The CDC found that minced beef is responsible for over 100 cases of disease.
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The E. coli epidemic of beef was affected by 177 people in 10 states, the CDC announced on Friday – 21 more people than it was announced earlier this week.

Since the beginning of March, 21 of 177 people infected with Escherichia coli O103 have been hospitalized, the Centers for Disease Control and Prevention reported Friday. No deaths reported.

"Two companies are remembering beef products sold in restaurants and institutions because they can be contaminated with E. coli O103," the CDC said on Friday. "The inspectors continue to monitor other sources of ground beef, and more products contaminated with E. coli O103 can be revoked."

This week, K2D Foods recalled about 113,424 kilograms of raw beef and Grant Park Peking recalled about 53,200 kg of minced meat for concern that it could contaminate E. coli O103, according to the Department for Agricultural Service for Food Safety and Inspection.

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Kentucky, Tennessee, and Georgia have the highest number of cases, with 65, 52, and 41, respectively. Tennessee added 11 more cases Tuesday, and Georgia added eight more cases.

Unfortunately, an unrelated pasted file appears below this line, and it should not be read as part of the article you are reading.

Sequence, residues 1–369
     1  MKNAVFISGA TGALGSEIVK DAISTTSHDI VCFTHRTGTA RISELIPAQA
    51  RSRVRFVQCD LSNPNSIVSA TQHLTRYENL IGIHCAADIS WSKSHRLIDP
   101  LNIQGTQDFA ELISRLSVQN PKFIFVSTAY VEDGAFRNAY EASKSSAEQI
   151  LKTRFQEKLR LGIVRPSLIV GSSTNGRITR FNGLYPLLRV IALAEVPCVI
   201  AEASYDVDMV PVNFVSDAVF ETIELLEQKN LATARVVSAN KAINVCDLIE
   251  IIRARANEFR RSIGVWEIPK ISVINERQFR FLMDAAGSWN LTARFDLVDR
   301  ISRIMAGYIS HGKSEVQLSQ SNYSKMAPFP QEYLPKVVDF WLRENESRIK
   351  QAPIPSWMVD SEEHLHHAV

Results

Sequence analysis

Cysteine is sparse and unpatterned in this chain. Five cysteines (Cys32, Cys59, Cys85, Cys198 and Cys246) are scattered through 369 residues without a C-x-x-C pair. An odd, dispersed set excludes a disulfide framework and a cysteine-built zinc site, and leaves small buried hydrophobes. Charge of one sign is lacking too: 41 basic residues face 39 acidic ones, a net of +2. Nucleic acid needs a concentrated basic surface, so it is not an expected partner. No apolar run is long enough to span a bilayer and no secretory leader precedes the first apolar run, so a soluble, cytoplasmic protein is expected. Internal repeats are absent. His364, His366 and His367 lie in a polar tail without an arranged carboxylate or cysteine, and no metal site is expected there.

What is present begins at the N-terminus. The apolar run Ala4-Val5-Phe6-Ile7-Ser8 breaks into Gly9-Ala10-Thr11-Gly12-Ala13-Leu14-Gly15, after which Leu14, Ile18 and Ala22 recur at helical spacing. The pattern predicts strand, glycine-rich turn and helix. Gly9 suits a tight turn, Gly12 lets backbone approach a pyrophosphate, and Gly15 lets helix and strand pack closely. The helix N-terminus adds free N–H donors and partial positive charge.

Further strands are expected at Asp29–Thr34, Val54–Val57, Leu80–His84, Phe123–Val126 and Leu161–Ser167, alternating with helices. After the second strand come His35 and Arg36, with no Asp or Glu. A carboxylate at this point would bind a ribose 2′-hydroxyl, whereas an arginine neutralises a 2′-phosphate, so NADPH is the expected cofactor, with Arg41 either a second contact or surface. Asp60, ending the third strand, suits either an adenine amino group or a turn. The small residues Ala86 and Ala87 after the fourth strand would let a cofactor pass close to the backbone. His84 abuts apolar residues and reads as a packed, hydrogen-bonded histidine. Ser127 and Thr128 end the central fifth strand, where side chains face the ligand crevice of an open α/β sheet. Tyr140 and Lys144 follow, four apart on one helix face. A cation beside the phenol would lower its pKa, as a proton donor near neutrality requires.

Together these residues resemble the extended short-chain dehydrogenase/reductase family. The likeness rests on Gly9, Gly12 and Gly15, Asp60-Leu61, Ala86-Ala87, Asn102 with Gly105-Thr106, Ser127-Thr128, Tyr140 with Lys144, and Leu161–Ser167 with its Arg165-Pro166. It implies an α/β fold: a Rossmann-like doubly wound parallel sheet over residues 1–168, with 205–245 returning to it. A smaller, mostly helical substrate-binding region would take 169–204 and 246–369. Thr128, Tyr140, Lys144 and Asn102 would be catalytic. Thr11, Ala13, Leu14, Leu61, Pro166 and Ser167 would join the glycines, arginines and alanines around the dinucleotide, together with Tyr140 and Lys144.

Other affected countries have fewer cases, with a report in Ohio 10; Florida three; Virginia two; Illinois, Indiana, Minnesota and Mississippi reported one case.

"States are investigating additional diseases that could be part of this phenomenon," said CDC.

Those who were bitter reported that they were eating beef at home and in restaurants. At this point, CDC does not recommend that consumers avoid eating beef. But the agency emphasizes that consumers and restaurants safely grasp the beef and cook it thoroughly to avoid any illness.

E. coli infections usually occur three to four days after consuming a germ, CDC says. Severe bumps in the stomach, diarrhea (often bloody) and vomiting can result in five to seven days.

In severe cases, patients may receive haemolytic uraemic syndrome, a type of renal failure. However, cases of renal insufficiency have not been reported with regard to this phenomenon, officials say.

More about the outbreak:

April 24: More than 56 tons of ground beef is recalled of the E. coli epidemic, which now covers 10 states

April 25: The woman claims that E. coli caused damage to the kidneys, attacks in the first 56-ton meat pulling suit

Collaboration: Mike Snyder

Follow Kelly Tyko on Twitter: @KellyTyko

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